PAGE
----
Immigrant, Mother, Teacher
I never thought I would lead and represent thousands of people one day by running for elected office. However, the intersectionality of all my life experiences with the present day circumstances now has me believing that I can’t do anything BUT this.
I’m an immigrant (more than once over), a public school teacher, mother, mentor and community advocate.
I was born in Dubai, United Arab Emirates. About seven years after I was born, it was the cusp of the Gulf War, and my family decided to immigrate to Saskatchewan, Canada, hoping to find a safe haven away from the war.
I started wearing the hijab in Canada- it felt like a natural part of my identity. Since my dad struggled to find work in Canada, we immigrated to the United States when my dad found work there. In high school, I was a track star, winning state-wide honors in cross-country and track & field. I also was voted “Class Scientist” for our graduating senior class.
I opted to go to a public liberal arts school that gave me a full scholarship. I subsequently went to medical school, but came to terms that my heart wasn’t completely in it. However, I am still paying off loans from medical school, and it was here I realized the exorbitant cost of education after high school.
At a crossroads in my life about a career, I started tutoring, working many hours. This job gave me the opportunity to drive through many different neighborhoods. It was not hard to see that some neighborhoods and communities were simply valued more than others. While most families that could afford a tutor were middle class to upper class, I occasionally tutored families who were lower income. In these students, I found a different sort of resilience and perseverance, an appreciation of our time together, that came from knowing that resources were not always available. I knew I enjoyed working with this group of kids.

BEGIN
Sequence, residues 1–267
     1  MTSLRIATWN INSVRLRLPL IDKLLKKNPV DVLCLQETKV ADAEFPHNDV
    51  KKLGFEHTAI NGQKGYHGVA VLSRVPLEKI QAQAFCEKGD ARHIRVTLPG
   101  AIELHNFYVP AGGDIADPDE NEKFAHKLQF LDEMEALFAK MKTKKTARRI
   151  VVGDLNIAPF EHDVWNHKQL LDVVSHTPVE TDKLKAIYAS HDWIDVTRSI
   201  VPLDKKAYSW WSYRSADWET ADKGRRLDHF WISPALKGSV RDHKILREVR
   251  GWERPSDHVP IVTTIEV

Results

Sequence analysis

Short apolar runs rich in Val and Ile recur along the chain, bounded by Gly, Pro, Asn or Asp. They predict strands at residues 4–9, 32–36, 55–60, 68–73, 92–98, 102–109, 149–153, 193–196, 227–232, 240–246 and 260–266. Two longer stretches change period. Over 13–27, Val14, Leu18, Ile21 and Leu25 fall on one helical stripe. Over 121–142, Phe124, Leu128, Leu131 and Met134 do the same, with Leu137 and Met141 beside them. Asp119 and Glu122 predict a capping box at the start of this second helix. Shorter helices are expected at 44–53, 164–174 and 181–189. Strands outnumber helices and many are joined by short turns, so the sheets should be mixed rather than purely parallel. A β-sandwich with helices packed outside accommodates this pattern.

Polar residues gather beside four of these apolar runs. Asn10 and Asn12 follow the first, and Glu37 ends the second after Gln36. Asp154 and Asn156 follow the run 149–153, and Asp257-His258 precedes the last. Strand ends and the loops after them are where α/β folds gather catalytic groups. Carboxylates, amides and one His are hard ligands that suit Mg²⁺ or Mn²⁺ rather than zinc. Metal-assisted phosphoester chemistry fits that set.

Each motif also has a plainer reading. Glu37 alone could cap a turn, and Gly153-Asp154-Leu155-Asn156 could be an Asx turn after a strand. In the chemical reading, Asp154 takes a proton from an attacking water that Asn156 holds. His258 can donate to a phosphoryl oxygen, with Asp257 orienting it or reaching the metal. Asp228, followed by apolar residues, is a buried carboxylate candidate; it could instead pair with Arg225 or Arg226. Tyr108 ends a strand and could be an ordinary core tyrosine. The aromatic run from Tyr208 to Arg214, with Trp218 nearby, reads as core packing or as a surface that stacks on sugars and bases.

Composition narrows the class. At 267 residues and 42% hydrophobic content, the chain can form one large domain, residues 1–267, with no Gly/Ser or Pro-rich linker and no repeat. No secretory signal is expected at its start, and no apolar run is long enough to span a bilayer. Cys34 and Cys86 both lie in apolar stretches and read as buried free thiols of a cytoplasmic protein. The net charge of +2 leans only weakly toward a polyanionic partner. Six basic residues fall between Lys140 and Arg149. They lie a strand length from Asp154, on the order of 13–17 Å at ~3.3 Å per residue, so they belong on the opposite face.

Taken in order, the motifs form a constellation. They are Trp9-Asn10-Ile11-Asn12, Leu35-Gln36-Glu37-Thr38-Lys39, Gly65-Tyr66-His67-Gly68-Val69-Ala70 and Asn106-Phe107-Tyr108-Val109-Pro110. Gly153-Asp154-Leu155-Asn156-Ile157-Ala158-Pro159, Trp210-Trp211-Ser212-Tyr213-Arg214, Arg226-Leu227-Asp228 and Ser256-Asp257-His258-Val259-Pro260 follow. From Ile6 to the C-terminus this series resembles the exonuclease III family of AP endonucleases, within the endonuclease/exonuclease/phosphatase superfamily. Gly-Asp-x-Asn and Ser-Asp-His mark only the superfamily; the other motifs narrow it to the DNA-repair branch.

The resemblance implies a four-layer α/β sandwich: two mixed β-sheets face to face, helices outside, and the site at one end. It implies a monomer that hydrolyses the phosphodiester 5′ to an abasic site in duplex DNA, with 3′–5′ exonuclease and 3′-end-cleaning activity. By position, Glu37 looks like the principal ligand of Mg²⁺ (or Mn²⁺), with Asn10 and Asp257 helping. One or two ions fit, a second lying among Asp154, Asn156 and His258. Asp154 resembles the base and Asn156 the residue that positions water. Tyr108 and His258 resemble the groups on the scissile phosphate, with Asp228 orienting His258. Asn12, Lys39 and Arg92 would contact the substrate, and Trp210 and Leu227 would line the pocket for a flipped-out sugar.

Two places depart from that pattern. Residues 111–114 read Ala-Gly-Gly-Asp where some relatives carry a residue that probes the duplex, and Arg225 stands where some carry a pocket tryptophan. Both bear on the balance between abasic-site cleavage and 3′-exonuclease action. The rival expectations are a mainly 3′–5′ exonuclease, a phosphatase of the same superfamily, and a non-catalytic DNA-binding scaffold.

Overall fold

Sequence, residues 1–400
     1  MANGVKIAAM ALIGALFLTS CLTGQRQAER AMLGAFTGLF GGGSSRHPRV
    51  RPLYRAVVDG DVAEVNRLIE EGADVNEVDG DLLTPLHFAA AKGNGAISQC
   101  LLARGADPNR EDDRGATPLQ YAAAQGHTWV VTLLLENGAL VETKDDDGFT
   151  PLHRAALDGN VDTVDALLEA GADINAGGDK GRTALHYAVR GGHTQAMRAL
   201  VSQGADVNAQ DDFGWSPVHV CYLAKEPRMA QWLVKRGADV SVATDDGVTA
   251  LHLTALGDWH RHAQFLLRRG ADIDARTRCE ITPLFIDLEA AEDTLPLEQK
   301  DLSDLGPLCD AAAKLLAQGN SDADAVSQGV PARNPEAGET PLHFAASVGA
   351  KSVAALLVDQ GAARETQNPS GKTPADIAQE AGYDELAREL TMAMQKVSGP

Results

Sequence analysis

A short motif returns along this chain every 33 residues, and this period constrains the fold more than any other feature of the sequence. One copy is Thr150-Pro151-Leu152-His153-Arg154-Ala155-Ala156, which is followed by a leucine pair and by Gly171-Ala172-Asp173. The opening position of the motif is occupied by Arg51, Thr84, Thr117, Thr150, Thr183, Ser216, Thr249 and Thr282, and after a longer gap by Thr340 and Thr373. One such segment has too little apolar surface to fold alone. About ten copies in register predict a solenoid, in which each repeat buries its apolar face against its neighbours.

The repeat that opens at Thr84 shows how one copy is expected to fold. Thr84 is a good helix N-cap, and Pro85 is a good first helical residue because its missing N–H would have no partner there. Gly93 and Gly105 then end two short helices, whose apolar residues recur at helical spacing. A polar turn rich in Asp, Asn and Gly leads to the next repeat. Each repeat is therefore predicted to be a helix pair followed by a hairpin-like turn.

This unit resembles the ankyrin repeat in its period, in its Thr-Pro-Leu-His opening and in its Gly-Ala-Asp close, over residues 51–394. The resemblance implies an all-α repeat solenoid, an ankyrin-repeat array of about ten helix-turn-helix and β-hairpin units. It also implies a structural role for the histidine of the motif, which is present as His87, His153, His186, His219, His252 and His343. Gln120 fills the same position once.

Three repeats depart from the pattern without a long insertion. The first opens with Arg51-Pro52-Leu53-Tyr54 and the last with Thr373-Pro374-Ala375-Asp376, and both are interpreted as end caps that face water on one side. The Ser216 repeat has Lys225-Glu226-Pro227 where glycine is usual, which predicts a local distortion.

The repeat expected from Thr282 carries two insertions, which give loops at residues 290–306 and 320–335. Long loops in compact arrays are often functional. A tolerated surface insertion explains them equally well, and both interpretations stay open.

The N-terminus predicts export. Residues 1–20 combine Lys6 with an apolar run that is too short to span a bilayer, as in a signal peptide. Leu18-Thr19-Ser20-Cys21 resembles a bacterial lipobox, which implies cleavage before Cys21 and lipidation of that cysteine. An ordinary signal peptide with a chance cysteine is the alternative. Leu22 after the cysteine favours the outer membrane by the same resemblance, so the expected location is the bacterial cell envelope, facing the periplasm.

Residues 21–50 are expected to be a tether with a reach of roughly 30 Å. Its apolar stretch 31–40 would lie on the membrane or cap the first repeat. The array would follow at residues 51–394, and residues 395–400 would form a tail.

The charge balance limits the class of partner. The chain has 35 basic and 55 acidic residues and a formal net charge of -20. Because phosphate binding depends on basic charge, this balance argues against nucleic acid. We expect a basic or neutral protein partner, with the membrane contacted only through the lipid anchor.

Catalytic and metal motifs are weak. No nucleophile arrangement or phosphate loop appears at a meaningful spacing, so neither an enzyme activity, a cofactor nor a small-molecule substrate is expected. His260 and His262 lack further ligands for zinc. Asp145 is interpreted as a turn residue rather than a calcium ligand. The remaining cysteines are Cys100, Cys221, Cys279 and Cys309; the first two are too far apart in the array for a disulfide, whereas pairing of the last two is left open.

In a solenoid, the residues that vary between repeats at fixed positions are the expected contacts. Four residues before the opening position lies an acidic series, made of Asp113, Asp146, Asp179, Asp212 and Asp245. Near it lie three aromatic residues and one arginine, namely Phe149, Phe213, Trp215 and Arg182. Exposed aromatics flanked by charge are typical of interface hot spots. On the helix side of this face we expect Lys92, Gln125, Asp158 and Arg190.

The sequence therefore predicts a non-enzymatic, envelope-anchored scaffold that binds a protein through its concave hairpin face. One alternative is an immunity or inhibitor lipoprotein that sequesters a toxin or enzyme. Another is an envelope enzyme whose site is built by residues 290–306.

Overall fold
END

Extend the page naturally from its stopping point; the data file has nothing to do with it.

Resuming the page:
My husband and I live in Carson, and adopted a beautiful baby boy from Morocco. Our son is on the autism spectrum, and I have been his fierce advocate in the public education system, which has led me to want to advocate for all students with special needs.
After serving as a cross country coach for a year where both my teams were league champions, I realized that I loved working with groups of students. I decided to go back to school to get my teaching credential. When looking for a teaching job, I knew I wanted to work in an area that had historically struggled in public education. I wanted to understand a community like this and understand the stories first-hand, for myself. I decided to teach at a public high school in Watts, where I ended up spending more time at than at home for the next a few years.
Join me in the fight for fairness
My experience in Watts made me a better person. It is where I felt whole and truly grew to understand myself and the world. I served as Science Department Chair and in other leadership roles for 3 years, as well as taught Science courses. I realized that I had the pleasure of working with the smartest kids in the world each and every day who would and could do anything as long as they had an adult that cared and that they trust and as long as they were provided resources. I bought the first FIRST Robotics team to the community of Watts- Team 6904: the TeraWatts. Our award-winning team has garnered media attention in showing the power within the community of Watts. We are a force to be reckoned with.